11.65 The second notable feature of new pt 2A is that it will establish the framework for the development of specific pre-action protocols. It provides for rules of court (including the uniform rules) to set out a pre-action protocol,[102] as well empowering the Governor to make regulations setting out a pre-action protocol.[103] The Attorney General’s Second Reading Speech suggests that it will be the courts that will be driving the development of ‘appropriate tailored pre-action protocols in specific matter types’.[104] He also observed that, ‘[w]hen a bespoke pre-action protocol has been developed, compliance with it will meet the pre-litigation requirements ... to take reasonable steps’.[105]

11.66 New s 18J(1) provides that legal practitioners will have a duty to inform their clients about the applicability of the pre-litigation requirements to the dispute and to advise them about alternatives to the commencement of civil proceedings, including ADR. Section 99 of the Civil Procedure Act relevantly provides that where it appears to the court that costs have been incurred improperly, or without reasonable cause, in circumstances for which a legal practitioner is responsible, the court may order the legal practitioner to pay the whole or any part of any costs that their client, and/or in the case of a barrister, their instructing solicitor, has been ordered to pay. New s 18J(2) provides that, in determining whether a costs order should be made against a legal practitioner under s 99, the court may take into account the legal practitioner’s failure to comply with s 18J(1).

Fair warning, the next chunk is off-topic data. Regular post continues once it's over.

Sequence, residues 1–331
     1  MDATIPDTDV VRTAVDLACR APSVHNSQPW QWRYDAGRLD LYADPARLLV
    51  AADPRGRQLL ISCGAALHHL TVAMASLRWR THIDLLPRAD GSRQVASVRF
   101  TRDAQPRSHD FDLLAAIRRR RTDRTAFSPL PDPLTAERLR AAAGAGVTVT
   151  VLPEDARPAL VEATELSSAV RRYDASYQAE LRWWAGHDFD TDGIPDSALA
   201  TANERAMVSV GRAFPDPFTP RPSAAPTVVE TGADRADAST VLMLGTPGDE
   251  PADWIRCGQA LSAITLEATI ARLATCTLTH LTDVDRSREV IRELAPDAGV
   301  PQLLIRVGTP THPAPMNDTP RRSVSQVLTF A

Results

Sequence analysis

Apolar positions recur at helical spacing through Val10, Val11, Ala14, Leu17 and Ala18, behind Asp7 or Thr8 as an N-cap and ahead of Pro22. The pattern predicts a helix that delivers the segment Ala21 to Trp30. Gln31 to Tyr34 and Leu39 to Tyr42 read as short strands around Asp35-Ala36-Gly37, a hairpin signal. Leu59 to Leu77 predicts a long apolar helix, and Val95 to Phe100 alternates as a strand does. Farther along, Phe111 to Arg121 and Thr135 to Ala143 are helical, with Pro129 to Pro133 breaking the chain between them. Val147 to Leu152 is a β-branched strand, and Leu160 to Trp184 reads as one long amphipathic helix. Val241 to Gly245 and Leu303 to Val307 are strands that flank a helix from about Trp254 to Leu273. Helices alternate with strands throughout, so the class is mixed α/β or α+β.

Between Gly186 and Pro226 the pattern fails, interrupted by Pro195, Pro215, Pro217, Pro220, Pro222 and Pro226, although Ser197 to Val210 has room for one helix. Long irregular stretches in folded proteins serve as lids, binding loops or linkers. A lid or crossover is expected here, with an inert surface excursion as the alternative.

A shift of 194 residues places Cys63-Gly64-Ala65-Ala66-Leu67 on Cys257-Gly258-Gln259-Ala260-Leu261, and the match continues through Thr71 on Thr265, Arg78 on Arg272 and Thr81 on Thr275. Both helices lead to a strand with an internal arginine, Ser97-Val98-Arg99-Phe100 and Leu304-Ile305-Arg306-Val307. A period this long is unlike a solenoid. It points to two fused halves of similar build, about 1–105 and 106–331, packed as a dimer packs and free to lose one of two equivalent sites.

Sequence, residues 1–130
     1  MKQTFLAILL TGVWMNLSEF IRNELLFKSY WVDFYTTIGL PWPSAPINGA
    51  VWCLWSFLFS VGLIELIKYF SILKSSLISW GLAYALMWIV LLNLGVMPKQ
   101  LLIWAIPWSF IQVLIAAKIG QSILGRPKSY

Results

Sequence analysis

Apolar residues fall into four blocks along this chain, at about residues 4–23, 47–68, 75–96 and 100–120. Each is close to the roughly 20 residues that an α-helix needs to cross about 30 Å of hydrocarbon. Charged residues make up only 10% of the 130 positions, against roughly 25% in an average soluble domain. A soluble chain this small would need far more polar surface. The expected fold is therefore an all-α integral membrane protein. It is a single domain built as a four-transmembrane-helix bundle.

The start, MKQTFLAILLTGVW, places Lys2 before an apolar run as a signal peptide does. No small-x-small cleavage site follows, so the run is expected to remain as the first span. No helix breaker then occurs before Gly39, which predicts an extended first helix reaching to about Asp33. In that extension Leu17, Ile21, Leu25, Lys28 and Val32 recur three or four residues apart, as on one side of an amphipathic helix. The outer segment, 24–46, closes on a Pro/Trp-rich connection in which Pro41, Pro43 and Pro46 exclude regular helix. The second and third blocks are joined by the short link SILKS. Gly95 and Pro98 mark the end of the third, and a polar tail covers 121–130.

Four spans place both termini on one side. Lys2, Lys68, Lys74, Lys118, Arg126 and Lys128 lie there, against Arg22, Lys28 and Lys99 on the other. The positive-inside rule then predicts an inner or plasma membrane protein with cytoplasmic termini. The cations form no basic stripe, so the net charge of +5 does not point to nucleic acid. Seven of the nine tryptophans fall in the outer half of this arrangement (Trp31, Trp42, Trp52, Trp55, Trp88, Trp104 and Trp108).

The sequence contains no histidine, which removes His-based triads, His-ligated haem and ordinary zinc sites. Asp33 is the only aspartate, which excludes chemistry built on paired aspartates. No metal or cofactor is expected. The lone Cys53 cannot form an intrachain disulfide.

11.67 Similar to the pre-action protocols in the UK, new s 18F provides that documents exchanged pursuant to pre-litigation requirements are subject to protection and their use is limited to resolution of the civil dispute, unless the parties agree otherwise in writing or the court provides leave. The Attorney General explained that:

it is not intended that the parties be disadvantaged by disclosing relevant information and documents in accordance with the pre-litigation requirements. To this end, these reforms extend the existing protection for documents exchanged in the course of litigation to those disclosed in the pre-litigation process. These measures will ensure that parties to a dispute can engage in frank and constructive negotiations that maximise the likelihood of settlement.[106]

11.68 New s 18K(1)(a) provides that failure to comply with the pre-litigation requirements does not prevent or preclude a person from commencing civil proceedings—unless the court otherwise orders or the uniform rules otherwise provide.

11.69 Further, the Attorney General explained:

[The reforms make] it clear that parties are not required to take pre-litigation steps that are unreasonable or disproportionate in terms of costs or time. It also stipulates that a person’s situation, which may include, for example, social or economic disadvantage ... can be considered when determining what is reasonable.[107]

11.70 If civil proceedings are commenced, new s 18G(1) provides that the plaintiff should file a ‘dispute resolution statement’—similar to the ‘genuine steps statement’ proposed in the Commonwealth statute—at the time of filing the originating process for the proceedings. The statement must specify the steps they have taken to resolve or narrow the issues, or if no steps were taken, an explanation for that.[108] The relevant defendant must be served with a copy and must also file, when filing the defence, a dispute resolution statement—either stating their agreement with the plaintiff’s dispute resolution statement or stating and specifying their disagreement.[109] Non-compliance with the requirement to file this statement does not invalidate the originating process, or the response to that process.[110]